I'm back in London visiting friends for the holidays, when it occurs to me that not only does it not feel like home any more, I have no idea how my native city works.
I realize this for the first time when I go to cross the road and nearly cause a traffic accident. Cars, it seems, are not content to simply drive around pedestrians as they are in Shanghai.
"I forgot that everyone uses the zebra crossings here," I think sheepishly, as drivers beep their horns angrily at me. "The Brits are such sticklers for rules."
I have also, it transpires, forgotten how the Metro works and keep embarrassing myself by trying to pay for things in yuan. When I ask for soy milk in the local corner shop, the owner looks at me as though I'm crazy. At our family Christmas dinner, it strikes me how much I miss rice.
By the third day I have decided that my birth country is an alien land, loosely disguised by the fact that I can read everything that's written and understand what people say, if not what they mean. "It's like being in America," I think in amazement. "Only less fat."
'What's China like?'
At the same time, Shanghai feels very far away. I can feel my hard-won Mandarin receding with every glass of mulled wine. Sometimes I wonder if I made the whole thing up. "I don't belong anywhere now," I think sadly. "I'm lost, somewhere over the Caucasus."
During the course of the trip, I have nearly identical conversations with approximately two dozen friends and relatives. These consist of a series of well-meaning but impossible questions, to which I am able to provide only mildly unsatisfactory answers.
"So, what's China like then?" they ask.
Even after I hear the question several times, it still inspires a mild panic. I don't know where to start, plus, I'm aware of offering too much information, as I suspect that they are only asking to be polite.
"China's great!" I say. "You know, busy. Different."
The second thing people want to know is how good my Mandarin is, another area in which I inevitably disappoint. My uncle tells me that a friend's son spent six months in Chengdu in Sichuan Province and came back fluent after chatting to people at bus stops. I try to stifle a snort. "Well, it's the hardest thing I've ever learned," I say. "He must be very clever."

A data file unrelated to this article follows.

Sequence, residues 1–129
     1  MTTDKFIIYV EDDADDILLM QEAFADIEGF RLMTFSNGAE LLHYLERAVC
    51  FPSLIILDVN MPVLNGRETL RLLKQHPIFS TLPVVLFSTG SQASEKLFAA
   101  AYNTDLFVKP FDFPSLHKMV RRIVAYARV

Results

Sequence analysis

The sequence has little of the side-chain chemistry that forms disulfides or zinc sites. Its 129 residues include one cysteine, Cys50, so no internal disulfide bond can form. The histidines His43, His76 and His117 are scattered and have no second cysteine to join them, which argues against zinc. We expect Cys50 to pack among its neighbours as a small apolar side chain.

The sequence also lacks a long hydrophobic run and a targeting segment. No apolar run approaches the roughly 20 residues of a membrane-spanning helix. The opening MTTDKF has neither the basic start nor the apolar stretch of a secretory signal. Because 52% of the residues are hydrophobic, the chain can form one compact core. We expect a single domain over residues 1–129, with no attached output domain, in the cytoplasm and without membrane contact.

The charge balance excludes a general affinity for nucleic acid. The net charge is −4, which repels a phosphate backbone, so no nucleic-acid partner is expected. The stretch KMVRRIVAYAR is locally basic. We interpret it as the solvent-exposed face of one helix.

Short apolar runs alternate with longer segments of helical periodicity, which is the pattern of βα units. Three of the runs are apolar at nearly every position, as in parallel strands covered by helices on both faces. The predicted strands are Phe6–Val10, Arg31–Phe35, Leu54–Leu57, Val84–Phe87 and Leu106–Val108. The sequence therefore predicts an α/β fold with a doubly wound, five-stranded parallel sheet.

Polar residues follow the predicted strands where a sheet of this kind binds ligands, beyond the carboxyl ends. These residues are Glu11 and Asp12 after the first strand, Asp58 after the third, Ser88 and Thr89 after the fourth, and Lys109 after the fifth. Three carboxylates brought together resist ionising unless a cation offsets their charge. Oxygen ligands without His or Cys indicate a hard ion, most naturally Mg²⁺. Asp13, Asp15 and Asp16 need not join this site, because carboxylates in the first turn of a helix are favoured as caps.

After a while I discover what people are most interested in are the strange things I may have eaten. "Let's see, sheep's intestine," I say. "Turtle. Sea cucumber. I haven't tried beef penis yet, although I've seen it on menus. I havent been brave enough to try dog meat either, though it's popular in winter."
All this, however, is really just preamble for the big question. They wait a while before dropping it in casually, like a grenade.
"So, when do you plan to come back?" they ask.
In actual fact, I don't know when I'll be coming back, but I worry that if I say this they may forget about me. "Why don't you come and visit!" I find myself saying maniacally to people I don't even like. "You can take my spare room!"
On my last night in London, my friends decide to visit a Chinese takeaway. These are very popular in the UK but would be unrecognizable to most people in China, given that the British understanding of the world's greatest cuisine is based mainly on three dishes: chicken chow mein, duck with pancakes and sweet-and-sour pork.
When we go to pay for the food, I feel my friend Sarah nudging me.
"Say something in Chinese!" she hisses, nodding to the server. I pretend not to hear. She nudges me again. "He's Chinese! You can practice your Chinese with him!" she says.
"Er, hello, do you speak pu tong hua (Mandarin)?" I say through gritted teeth.
The server looks at me quizzically. "He's probably Cantonese," I tell myself.
"Would you like rice or chips with that?" he asks in English.
My friend looks at me pityingly. "Don't worry, it must be a hard language," she says. "Definitely harder than French."
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